The Story of the Scofflaw
The Scofflaw has a great origin story. You can read it all over the internet. It goes like this.
In 1923, wealthy banker and fervent temperance advocate Delcevare King sponsored a national contest to come up with the perfect derogatory term for people who flouted Prohibition. From among 25,000 (!) submissions, ‘Scoff-law’ won. (You gotta give it to them; it’s a good one. It stuck.) It didn’t have quite the effect Mr. King was looking for. Instead of being ashamed by the label, drinkers proudly embraced it. Within a few months after the term was coined, Harry Craddock, bartender at Harry’s New York Bar in Paris (one of the cocktail’s homes in exile), created a cocktail with the same name, as a mocking tribute to Delcevare King’s contest.
There’s just one problem with this story: Harry Craddock wasn’t the bartender at Harry’s New York Bar. He was the bartender at the Savoy in London. In those days, as today, Paris and London were different cities, and the Savoy and Harry’s were different bars. And the Harry who tended bar at Harry’s was a completely different one from Harry Craddock; his name was Harry MacElhone. So which Harry was it who scoffed at Scoff-law, Craddock in London or MacElhone in Paris?
I have it on good authority that it’s MacElhone, in Paris, in 1924. Harry Craddock played his part in scoffing the law, though, by writing the recipe down, in his 1930 cocktail encyclopedia The Savoy Cocktail Book. You can see how the confusion of the two Harrys might have come about. With one legendary bartender named Harry publishing another legendary bartender named Harry’s recipe just a few years after the drink was created, it would be easy to conflate the two. I don’t think Craddock was trying to steal MacElhone’s credit, though; the Savoy was explicitly intended to be a comprehensive guide to cocktails (sort of the Aquinas’ Summa of the cocktail world), not just a book of Craddock’s own recipes.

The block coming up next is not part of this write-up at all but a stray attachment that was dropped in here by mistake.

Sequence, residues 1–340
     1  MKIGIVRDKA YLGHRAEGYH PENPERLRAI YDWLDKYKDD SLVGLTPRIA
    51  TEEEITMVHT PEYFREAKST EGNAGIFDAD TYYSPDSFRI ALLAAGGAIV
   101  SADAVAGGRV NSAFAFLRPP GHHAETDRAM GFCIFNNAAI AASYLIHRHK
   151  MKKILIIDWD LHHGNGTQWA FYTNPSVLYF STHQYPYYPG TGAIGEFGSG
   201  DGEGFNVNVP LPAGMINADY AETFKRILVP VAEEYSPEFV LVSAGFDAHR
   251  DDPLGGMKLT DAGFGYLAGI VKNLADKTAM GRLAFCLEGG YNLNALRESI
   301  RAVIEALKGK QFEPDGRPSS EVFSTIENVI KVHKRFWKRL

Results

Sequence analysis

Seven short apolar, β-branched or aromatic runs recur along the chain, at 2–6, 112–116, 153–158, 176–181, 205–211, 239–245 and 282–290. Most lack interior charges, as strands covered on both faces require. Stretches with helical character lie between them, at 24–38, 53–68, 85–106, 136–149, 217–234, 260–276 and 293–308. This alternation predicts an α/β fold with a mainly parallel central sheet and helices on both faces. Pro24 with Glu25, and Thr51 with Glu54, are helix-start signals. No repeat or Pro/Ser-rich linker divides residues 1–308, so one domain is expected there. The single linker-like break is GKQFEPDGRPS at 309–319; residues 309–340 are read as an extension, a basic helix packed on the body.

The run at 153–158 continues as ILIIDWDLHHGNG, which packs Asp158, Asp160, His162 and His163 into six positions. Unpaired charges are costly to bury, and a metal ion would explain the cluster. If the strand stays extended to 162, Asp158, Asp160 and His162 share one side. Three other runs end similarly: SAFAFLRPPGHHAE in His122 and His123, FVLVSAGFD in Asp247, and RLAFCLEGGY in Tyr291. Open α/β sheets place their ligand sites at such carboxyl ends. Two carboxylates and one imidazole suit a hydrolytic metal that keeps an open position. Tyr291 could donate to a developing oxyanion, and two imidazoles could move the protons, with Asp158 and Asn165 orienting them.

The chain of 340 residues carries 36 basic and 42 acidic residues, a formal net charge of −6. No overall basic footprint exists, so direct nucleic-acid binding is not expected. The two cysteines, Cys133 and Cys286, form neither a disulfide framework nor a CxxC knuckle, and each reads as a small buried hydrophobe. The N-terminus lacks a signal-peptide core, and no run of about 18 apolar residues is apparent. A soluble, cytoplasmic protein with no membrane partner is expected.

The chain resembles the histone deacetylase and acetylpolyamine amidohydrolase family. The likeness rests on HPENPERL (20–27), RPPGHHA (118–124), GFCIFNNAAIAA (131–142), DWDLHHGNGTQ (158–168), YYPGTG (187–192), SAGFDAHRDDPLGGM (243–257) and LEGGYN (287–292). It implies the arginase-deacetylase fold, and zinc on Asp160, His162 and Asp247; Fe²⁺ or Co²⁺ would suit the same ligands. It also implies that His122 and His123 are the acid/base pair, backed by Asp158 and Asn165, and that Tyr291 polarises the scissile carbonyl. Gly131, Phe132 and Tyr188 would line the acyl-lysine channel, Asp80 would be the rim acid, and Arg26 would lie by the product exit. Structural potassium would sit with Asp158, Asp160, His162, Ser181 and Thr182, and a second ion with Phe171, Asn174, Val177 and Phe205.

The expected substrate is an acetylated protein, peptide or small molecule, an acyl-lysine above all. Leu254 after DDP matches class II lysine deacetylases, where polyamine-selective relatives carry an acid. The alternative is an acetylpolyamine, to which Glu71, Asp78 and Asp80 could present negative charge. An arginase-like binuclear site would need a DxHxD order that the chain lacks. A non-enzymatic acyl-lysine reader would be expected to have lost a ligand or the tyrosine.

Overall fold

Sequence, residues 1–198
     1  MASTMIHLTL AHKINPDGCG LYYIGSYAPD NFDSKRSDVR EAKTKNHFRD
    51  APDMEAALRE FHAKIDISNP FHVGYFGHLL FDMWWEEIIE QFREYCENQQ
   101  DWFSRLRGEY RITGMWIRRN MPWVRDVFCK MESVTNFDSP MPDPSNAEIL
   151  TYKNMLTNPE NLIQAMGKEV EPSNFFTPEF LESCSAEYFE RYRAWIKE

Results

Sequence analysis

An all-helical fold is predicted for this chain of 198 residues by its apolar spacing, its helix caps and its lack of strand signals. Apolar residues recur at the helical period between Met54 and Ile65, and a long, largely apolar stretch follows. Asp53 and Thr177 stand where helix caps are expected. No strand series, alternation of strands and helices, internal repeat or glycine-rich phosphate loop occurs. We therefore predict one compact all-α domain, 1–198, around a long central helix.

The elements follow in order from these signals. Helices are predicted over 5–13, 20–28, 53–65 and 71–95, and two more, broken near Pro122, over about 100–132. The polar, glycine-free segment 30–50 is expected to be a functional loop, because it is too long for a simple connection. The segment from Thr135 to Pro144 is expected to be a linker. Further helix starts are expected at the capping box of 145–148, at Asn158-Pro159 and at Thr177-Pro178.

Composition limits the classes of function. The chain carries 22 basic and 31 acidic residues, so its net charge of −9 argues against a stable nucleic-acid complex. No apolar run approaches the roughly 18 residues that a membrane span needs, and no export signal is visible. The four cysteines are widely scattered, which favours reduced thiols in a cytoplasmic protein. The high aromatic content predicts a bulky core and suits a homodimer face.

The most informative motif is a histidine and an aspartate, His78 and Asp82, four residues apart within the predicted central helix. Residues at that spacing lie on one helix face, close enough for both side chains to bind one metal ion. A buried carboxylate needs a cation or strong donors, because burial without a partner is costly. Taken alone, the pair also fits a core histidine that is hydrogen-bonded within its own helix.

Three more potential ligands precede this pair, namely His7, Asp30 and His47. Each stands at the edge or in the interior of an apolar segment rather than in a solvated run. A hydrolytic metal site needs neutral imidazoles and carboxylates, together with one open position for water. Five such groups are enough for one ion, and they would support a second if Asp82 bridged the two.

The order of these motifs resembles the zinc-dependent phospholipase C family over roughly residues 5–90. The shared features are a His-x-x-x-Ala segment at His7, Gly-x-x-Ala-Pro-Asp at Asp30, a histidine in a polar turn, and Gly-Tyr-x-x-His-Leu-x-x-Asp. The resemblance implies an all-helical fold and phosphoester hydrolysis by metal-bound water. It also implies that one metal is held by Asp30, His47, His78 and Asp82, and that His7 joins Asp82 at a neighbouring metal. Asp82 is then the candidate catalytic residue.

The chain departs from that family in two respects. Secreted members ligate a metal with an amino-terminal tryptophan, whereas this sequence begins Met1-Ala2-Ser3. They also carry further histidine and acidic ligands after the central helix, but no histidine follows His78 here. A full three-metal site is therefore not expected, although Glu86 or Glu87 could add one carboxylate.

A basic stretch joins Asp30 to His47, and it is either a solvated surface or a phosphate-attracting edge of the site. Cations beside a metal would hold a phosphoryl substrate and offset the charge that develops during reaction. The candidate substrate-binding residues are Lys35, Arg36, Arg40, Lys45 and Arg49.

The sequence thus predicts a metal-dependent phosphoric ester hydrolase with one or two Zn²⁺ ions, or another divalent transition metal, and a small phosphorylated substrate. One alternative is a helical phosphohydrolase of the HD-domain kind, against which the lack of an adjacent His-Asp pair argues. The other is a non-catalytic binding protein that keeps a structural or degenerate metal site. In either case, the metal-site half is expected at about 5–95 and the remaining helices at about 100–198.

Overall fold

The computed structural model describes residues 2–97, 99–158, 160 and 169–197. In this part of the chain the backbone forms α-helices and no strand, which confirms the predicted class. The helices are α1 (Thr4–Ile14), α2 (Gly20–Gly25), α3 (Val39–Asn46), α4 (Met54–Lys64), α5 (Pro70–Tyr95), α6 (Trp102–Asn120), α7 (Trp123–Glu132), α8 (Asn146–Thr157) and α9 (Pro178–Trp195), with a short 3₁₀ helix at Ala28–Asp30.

As with any classic cocktail, there are many Scofflaw recipes floating around. We use Craddock’s. We have no way of knowing if he got the other Harry’s recipe exactly right, but he was pretty close to the source–so close that many people today think of the two as one.
So, mix Harry’s drink, with Harry’s recipe, and raise a toast to the two Harry’s and to the Scofflaw.
The Scofflaw Cocktail Recipe
Harry gives his recipe in proportions, not specific sizes, apparently leaving the drinker to decide how large or small they want their cocktail to be. Three ounces sounds reasonable to me; so I make Harry’s 1/6 of the drink 1/2 of an ounce.
- 1 oz Rye Whiskey (Harry says Canadian, which is where you could get rye when Prohibition shut the US makers down)
- 1 oz dry vermouth
- 1/2 oz grenadine
- 1/2 oz lemon juice
- dash of orange bitters
- Shake well with ice; aim for 30 seconds.
- Strain into a cocktail glass.